The nonprofit Council for Economic Education has worked with teachers to develop money lessons for grade schoolers.
Kids will soon get taught not just math, but financial savvy – that’s the hope, anyway.
The Council for Economic Education has consulted educators and come up with some benchmarks for different grade levels, and they plan to pitch them state by state.
The lessons cover topics like income through rent, stocks dividends and interest; planning purchases, comparison shopping and budgeting; short-term and long-term saving; using credit; picking investments; and insurance.
The group hopes the lessons can be incorporated into existing classes, not wedged into a separate elective course. The standards don’t focus on rules of thumb, instead aiming to teach critical thinking. So instead of a rule saying you have to save X percent of your income, there’s an explanation that saving X will make it this much easier to achieve Y later.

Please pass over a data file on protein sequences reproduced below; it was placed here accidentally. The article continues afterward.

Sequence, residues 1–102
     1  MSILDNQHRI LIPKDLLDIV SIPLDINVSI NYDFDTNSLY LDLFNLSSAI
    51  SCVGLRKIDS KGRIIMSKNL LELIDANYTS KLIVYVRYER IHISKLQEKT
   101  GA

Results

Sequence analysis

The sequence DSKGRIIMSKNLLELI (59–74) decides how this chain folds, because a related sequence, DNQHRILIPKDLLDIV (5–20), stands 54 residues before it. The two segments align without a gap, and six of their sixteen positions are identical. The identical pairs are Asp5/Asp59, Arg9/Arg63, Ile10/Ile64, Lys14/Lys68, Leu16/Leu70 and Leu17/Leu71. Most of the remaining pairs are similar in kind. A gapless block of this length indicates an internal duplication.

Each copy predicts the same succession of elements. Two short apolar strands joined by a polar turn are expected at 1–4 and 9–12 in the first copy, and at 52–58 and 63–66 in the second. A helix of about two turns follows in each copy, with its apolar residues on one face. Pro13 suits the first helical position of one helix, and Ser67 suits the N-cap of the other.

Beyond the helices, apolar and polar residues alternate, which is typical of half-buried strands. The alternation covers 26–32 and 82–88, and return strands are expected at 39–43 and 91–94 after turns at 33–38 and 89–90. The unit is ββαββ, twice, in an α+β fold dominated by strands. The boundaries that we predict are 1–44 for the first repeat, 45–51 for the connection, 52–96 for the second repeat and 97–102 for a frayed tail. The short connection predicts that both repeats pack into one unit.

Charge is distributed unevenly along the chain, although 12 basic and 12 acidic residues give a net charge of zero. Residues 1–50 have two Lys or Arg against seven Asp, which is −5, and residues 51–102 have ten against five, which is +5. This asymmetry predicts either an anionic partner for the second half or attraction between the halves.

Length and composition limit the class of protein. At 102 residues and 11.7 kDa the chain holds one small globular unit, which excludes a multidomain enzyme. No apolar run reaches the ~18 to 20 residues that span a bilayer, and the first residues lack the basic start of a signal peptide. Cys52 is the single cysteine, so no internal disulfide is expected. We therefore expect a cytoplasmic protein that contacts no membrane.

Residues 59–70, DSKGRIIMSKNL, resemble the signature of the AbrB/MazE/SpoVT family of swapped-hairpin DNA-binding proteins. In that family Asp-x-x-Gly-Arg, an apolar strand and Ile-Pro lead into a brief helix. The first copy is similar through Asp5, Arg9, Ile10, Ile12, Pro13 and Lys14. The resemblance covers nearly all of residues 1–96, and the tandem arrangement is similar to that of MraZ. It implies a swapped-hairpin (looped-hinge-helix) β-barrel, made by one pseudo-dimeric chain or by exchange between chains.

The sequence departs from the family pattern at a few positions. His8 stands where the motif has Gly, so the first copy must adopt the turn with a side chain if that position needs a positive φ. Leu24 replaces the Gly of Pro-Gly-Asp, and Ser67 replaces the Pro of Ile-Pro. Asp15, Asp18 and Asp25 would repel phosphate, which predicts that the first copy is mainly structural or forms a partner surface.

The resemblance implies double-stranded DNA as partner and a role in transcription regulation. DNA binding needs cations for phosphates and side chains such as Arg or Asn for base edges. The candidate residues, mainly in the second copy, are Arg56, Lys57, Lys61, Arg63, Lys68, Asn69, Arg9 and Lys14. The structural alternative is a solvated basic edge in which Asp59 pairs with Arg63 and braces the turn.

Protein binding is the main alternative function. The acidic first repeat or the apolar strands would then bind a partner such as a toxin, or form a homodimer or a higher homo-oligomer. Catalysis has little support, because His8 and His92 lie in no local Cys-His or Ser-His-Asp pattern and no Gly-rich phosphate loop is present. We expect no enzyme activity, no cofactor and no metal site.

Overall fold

Of course, teachers may need to be taught this stuff first. According to The Fiscal Times, a recent online survey conducted by the U.S. Treasury Department found only 15 percent of 30,000 Americans could pass a basic financial literacy test.
The same article says just 14 states have a personal finance class requirement, and only 22 require economics. Because you’re going to quote Shakespeare the rest of your life, and you’ll never need to know about interest rates. (This coming from an English major.)